On Independence Day on May 20, 2002, Dili and Canberra signed the Timor Sea Treaty. This treaty gives East Timor 90 percent of revenues from inside the so-called Joint Petroleum Development Area (JPDA) between the two countries.
The Timor Sea Treaty would allow for the production of the " Undan area, within the JPDA, to begin with. Ninety percent of the government share of revenue would go to East Timor, which needs urgent funds to jumpstart its beleaguered economy.
But months later, Australia refused to ratify the treaty unless East Timor signed another resource-sharing agreement, the Greater Sunrise Unitization Agreement. This is an interim arrangement between East Timor and Australia to put in place a legal regime necessary for the " Undan project to progress while maritime boundaries are finalized.
In March 2003, Australia and East Timor signed the Greater Sunrise Unitization Agreement, which was ratified last month by the Australian parliament. Dili says it signed this to get movement on the " Undan accord.
Greater Sunrise lies about 450 kilometers north-west of the Australian city of Darwin and 150 kilometers south of East Timor. It contains an estimated 235 billion cubic meters of gas and 300 million barrels of condensate.
This is despite the fact that "the Greater Sunrise field is twice as close to East Timor as it is to Australia," said Darwin's Timor Sea Justice Campaign coordinator Rob Wesley-Smith.
But East Timor's maritime disputes with Australia do not end there.
Two months before East Timor's independence, Australia withdrew from the jurisdiction of the two international arbitration bodies used to settle maritime boundary disputes, the International Court of Justice and the International Tribunal on the Law of the Sea, saying it preferred "negotiation to litigation".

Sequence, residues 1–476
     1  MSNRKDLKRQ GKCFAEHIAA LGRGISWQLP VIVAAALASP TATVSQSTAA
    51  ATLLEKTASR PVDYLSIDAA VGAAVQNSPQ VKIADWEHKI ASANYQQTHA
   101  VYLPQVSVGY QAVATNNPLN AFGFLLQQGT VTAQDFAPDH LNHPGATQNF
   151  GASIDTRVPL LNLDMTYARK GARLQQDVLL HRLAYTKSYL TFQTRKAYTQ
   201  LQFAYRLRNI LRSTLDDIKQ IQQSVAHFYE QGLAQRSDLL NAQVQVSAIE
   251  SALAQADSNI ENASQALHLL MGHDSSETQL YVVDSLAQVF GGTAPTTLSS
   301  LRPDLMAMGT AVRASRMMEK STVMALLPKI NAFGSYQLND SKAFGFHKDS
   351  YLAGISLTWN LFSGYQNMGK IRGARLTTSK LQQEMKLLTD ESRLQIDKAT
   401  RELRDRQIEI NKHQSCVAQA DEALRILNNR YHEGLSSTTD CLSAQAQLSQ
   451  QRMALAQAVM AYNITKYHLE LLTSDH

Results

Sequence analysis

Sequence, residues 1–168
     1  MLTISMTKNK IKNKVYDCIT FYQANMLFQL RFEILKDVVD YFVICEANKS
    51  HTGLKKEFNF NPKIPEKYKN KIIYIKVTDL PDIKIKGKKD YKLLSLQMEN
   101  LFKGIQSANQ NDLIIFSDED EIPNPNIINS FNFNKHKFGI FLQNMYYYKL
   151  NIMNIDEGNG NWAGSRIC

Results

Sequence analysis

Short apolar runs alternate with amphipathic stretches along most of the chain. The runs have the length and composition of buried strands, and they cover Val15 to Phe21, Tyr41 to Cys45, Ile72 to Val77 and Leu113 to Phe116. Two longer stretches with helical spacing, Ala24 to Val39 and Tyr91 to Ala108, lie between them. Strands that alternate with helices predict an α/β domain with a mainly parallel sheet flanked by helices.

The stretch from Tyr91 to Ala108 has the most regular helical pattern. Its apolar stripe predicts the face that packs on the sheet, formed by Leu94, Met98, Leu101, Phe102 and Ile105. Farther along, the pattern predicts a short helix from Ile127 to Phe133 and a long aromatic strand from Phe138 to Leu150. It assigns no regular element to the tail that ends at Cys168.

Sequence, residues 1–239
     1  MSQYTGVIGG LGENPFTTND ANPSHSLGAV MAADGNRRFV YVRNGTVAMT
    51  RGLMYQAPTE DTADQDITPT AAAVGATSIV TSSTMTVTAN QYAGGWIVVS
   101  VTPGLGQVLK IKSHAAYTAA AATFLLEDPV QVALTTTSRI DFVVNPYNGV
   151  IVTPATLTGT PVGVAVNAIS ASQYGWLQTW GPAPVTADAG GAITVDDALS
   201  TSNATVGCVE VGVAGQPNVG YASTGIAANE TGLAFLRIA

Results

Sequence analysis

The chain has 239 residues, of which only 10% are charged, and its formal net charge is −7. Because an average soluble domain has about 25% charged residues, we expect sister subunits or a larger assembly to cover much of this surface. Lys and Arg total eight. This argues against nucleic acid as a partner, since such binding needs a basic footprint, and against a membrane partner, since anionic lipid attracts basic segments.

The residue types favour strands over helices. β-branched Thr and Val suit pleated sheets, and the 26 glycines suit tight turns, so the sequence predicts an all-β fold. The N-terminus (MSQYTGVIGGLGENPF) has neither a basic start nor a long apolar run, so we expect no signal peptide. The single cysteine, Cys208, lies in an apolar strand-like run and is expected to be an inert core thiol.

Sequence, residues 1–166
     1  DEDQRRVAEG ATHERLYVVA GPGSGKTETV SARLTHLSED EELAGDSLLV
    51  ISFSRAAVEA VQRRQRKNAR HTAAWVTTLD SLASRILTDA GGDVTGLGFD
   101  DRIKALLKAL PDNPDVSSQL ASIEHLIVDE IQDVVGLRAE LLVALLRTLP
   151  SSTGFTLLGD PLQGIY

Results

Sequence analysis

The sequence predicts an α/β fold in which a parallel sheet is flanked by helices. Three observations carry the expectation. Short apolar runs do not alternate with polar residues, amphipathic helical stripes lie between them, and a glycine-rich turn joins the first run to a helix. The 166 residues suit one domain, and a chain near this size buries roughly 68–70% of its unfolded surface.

East Timor Foreign Minister Jose Ramos-Horta accused Australia of dragging its heels on negotiations on the disputed sea frontier between the two countries in order to drain the region of its oil and natural-gas riches.
"The longer the negotiations last, the better it is for Australia", said Ramos-Horta. "Perhaps when the gas and oil run out, then Australia will want to negotiate".
"Had Australia accepted the median line for the maritime boundary, as defined in international law, then today East Timor would be a country like Kuwait," said Ramos-Horta.
He added: "East Timor's strength in this question lies in international law. We haven't invented anything and we're going to see whether Australia is a democratic country, and whether or not it accepts international law."
While Australia is seen as the region's bully-boy in East Timor, President Xanana Gusmao is confident the current Timor Sea spat will not affect relations between the two countries.
"The Timor Sea treaty protest in front of the Australian Embassy in Dili does not affect at all the relations between Australia and East Timor," said Gusmao."There will always be problems when someone speaks about the economy, the market or natural resources."